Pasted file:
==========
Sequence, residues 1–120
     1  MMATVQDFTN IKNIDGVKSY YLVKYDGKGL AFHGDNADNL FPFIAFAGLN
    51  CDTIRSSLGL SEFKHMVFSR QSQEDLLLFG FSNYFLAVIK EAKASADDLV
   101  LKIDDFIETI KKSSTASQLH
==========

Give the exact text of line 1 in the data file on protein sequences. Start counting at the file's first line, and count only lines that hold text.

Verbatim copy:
Sequence, residues 1–120